"He's much different, as he's improved leaps and bounds more than probably anybody out there right now just in his overall skills, power and conditioning," added Hackleman. "I don't think that first fight was an aberration, but I don't think it's going to happen again. It's a whole different Chuck. Let me put it that way: I can't say that first fight was an aberration because then are all of Chuck's knockouts aberrations as well? It's just like how Chuck got beaten by Randy that first time. Everybody knows that would never happen again. Chuck's a different fighter now and it's mostly because of how his training is different."
Liddell has been on a strict diet and worked strenuously on his conditioning, something that plagued him in the back-to-back losses to Couture and Jackson in 2003.
While Team Liddell wouldn't specify what minor-yet-massive adjustments were made, it's safe to assume that if one compared film of Liddell's training from before anyone had heard of SpikeTV to today, the difference would be akin to mixed martial arts pre- and post-The Ultimate Fighter.
"I don't like to go into specifics about the training," said Hackleman. "Let's just say that Chuck is a changed man and it'll show against ‘Rampage.' He just gets better and better and that's mainly because of how his training has improved."
And that is the reason why this fight is so intriguing.
Both fighters have changed since they first locked horns inside the PRIDE ring in Japan. Liddell hasn't lost since and has laid out opponents like kitchen tile. He bounced back from defeat by dismantling Ortiz and Vernon White, and then swiped the title from Couture by knocking him out cold in the first round. To say Liddell has been on a tear would be an understatement.
The same can't be said about Jackson. The boisterous fighter from Memphis has tasted defeat thrice, bested by former PRIDE 205-pound king Wanderlei Silva (Pictures) on two occasions and once by Mauricio Rua (Pictures).
Some argue that Jackson has seen his best days, but those close to Liddell don't agree.
"I hear that a lot, but to be honest whenever I talk about ‘Rampage,' and this might sound weird or that I'm talking about one of my own fighters, but I love ‘Rampage,'" admitted Hackleman. "I think he's a great fighter, a great guy. If he wasn't fighting Chuck I wish I was training him because I love him. I don't think anything has happened to him. He just fought great fighters. I don't think he's gotten bad. I think it's just that his level of opposition has gone up. He's done well, but there are certain people who have beaten him. I don't believe he is washed up or anything like that at all."
Lewis agreed that Jackson is not a flash in the pan. Like Hackleman, Lewis thinks Jackson is just as dangerous, just as fierce as he's ever been, and to think this fight will be a walk in the park for Liddell would be foolhardy.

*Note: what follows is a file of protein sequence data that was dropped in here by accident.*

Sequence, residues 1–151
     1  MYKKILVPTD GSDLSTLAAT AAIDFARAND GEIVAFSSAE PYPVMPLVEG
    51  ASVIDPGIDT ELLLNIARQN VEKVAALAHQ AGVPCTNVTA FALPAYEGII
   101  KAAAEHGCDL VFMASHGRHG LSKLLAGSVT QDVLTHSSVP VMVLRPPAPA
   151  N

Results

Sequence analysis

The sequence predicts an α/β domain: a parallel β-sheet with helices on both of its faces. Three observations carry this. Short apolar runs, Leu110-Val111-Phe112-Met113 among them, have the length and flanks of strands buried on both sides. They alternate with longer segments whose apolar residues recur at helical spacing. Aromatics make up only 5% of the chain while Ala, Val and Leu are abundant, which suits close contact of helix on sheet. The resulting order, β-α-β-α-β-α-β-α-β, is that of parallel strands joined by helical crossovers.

"Quinton is a very tough guy," stated Lewis, a UFC veteran. "He definitely is a worthy opponent for Chuck right now and he's certainly not shot like some people believe. He's a very strong individual. His hands and his striking have really come a long way and I consider him a real striker now, and he's won his last few fights. He's also hard to take down. He's very athletic and agile, so I think he's definitely a tough match in general for anybody, including Chuck."
Toughness and ability aside, everybody who has worked tirelessly with the defending light heavyweight champ is confident that their guy will triumph Saturday inside the MGM Grand Garden Arena in Las Vegas. Liddell's firing on all cylinders and has battered his sparring partners like slabs of meat.
"I think ‘Rampage' is going to put up a great fight and it's going to be a war," started Hackleman, "but I just think Chuck has a little too much firepower at this point. He's so focused and like I said, Chuck has never looked this perfect."
"It's insane to see Chuck train and train alongside him," added Lighty, who hopes to follow in his training partner's footsteps as he plunges headfirst into MMA, possibly in the late summer. "It's not like Quinton's all about the fame and trying to hype up the media and when he gets into the ring he's a total pussy. He brings it; he comes ready to fight. He always comes ready for a war. But with how great Chuck looks, I just don't see ‘Rampage' beating him. I just don't see it happening."
On Saturday night, the world will find out whether Liddell's "perfect" training camp will equate to another highlight reel knockout, or if he'll wind up being more like De La Hoya and fall flat after being in the "best shape of his life."
And Jackson, the only man Liddell has not been able to beat, will find out better than anybody else.